Hospital executives face a myriad of challenges in today’s ever-changing healthcare landscape. Managed Healthcare Executive asked some chief executives what their biggest challenge has been, and how they have worked to overcome it. Here’s what they had to say.
1. Serving underserved communities
Alex Hellinger, DPT, MBA, executive director, Lenox Health Greenwich Village, part of Northwell Health, New York, says his biggest challenge has been bringing healthcare back to a community that had recently lost a major hospital and lacked sufficient medical resources.
“When a hospital closes, the vast majority of health providers leave the area, ultimately creating a medical desert,” he says. “My team and I addressed the challenge by building a comprehensive medical network throughout downtown Manhattan in phases, initially opening Manhattan’s first free-standing emergency department and then gradually adding essential services including imaging, ambulatory surgery, orthopedic and rehabilitation programs, as well as primary and specialty care.”
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When building a comprehensive medical center from scratch, Hellinger had to step back and take a fresh look from a patient’s perspective at how healthcare should be delivered. “We fulfilled this objective by implementing services such as telehealth, and a personalized website for physician referrals and home-based healthcare programs,” he says. “The center has positioned itself as a vital community resource by partnering with longstanding neighborhood organizations and offering free public services, such as immunizations and health screenings.”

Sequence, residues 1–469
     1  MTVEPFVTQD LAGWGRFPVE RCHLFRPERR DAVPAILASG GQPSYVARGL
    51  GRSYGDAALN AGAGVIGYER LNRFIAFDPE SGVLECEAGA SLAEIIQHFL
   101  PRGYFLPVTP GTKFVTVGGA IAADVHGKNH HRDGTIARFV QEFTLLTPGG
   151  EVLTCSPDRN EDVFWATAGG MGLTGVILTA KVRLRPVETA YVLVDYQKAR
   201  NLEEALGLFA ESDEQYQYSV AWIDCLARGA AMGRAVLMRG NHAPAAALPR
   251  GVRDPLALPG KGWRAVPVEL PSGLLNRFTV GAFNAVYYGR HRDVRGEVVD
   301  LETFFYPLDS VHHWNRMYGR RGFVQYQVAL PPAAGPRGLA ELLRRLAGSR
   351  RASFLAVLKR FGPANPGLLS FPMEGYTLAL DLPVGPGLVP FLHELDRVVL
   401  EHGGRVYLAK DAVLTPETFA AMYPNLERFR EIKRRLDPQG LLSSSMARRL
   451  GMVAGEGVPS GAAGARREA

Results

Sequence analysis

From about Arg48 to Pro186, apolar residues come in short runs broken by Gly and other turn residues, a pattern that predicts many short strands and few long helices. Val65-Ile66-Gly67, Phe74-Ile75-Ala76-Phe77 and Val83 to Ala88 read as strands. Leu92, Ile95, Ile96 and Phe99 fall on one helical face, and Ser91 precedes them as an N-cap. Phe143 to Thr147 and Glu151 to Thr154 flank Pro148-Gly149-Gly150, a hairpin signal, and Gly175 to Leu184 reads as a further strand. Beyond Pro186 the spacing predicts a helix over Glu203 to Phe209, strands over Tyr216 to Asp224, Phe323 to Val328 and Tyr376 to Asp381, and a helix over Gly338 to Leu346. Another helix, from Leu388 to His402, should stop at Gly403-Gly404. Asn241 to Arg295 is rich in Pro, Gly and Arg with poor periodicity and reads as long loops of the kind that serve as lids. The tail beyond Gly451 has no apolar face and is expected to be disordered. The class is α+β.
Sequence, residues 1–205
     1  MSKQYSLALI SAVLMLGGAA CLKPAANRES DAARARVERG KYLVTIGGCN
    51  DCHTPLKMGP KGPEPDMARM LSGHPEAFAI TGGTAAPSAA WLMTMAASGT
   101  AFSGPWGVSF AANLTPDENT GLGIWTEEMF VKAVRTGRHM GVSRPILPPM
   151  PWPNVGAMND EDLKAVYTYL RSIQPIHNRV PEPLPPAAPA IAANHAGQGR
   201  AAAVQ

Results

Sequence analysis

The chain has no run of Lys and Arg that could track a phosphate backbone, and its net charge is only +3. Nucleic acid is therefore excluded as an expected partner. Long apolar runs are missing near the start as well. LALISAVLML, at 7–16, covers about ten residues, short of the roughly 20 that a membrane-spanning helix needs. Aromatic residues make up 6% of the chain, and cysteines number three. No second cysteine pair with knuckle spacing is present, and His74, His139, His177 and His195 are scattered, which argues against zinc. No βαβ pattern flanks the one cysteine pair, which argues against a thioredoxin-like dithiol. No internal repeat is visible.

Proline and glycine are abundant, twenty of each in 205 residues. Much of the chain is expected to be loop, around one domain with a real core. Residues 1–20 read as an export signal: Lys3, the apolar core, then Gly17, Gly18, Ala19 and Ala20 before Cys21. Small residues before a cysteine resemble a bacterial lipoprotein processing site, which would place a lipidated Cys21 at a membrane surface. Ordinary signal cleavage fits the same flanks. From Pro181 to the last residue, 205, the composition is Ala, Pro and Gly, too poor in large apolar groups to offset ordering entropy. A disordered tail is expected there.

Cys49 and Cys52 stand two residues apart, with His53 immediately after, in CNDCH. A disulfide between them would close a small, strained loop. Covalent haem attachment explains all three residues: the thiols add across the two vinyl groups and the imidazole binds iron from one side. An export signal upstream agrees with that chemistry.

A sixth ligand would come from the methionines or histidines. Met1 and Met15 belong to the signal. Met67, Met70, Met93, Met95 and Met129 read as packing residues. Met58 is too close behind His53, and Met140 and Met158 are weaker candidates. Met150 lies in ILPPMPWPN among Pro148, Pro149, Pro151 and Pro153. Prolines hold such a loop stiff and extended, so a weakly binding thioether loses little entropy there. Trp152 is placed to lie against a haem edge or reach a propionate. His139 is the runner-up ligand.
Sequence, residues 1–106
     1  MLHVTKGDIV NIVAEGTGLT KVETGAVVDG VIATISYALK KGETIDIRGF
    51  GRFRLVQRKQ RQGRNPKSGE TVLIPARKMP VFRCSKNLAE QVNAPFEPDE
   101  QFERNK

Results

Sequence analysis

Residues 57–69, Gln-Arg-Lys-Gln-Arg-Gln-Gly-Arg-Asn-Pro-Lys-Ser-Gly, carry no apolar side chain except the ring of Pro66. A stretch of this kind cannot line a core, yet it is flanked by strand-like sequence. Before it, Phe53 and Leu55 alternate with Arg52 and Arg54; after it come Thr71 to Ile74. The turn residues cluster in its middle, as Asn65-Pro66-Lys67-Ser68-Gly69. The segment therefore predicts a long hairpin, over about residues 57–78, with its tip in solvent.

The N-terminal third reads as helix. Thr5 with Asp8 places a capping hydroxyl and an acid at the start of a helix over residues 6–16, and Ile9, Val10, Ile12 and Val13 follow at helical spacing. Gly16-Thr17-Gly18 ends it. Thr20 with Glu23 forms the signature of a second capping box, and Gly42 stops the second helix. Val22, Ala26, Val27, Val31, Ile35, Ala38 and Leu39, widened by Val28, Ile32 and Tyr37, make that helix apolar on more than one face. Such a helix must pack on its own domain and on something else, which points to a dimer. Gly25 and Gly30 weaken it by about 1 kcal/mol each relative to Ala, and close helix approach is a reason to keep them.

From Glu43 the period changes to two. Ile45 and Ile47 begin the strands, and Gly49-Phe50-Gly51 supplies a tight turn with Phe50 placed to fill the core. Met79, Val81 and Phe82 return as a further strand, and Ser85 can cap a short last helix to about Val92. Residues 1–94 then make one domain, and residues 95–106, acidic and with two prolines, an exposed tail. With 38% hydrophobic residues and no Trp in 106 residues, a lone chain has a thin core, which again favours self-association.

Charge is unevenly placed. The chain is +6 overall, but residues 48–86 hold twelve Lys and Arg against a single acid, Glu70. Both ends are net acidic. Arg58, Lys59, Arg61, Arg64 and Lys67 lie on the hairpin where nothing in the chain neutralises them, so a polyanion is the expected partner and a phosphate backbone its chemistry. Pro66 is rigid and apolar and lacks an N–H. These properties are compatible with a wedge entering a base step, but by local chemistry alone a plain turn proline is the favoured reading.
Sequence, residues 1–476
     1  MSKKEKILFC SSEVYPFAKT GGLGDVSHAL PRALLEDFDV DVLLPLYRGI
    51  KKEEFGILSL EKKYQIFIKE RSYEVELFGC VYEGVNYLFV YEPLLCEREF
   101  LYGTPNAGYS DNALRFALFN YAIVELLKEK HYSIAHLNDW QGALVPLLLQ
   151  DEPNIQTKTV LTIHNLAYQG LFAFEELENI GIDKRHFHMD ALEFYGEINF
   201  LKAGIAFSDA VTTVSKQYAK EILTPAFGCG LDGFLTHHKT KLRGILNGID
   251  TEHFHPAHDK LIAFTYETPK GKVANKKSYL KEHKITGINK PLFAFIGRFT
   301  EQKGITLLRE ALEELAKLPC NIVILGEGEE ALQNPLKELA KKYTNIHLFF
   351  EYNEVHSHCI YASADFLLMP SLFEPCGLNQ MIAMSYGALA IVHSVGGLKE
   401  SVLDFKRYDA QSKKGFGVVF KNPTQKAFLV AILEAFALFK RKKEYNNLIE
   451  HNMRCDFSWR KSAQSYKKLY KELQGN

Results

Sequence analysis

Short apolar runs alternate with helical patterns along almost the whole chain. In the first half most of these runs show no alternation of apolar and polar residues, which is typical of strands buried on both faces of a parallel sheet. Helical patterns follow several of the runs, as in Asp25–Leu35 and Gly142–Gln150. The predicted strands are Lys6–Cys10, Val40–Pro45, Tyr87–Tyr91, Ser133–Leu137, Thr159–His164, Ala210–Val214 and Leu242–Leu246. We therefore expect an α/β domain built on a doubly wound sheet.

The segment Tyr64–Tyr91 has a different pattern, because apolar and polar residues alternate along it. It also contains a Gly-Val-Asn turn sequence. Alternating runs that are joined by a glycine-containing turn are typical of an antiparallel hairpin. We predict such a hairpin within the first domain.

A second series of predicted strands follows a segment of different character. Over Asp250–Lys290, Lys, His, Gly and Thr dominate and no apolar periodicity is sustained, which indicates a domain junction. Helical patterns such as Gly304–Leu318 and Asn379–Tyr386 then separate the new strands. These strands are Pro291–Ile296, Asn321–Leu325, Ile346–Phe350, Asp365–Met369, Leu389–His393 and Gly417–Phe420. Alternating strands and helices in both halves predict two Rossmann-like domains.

2. Navigating different payment models
Robert C. Garrett, FACHE, CEO, Hackensack Meridian Health, Edison, New Jersey, has found navigating two different payment models to be a big challenge. “We’re moving from a volume-based environment to a value-based environment,” he says. “Our 17 hospitals need to remain solvent, so we are still reimbursed on a fee-for-service basis to a large extent. If I had to pick a definitive path—to either stay in fee-for-service or go into the value-based world—I would vote for going into the value-based world. That’s because all the incentives are aligned and physicians and hospitals are rewarded for achieving the best outcomes for the people we serve.”
Garrett has found this to be the best strategy when looking to lower the overall cost of care delivery. “To keep the needle moving toward value, we are growing our accountable care organizations (ACOs),” he says, adding that the health system’s best performing ACO saved about $145 million over five years and is among the nation’s top performers. “Beyond ACOs, we are investing in more patient-centered models including bundled payments, shared risk arrangements, and value-based purchasing.”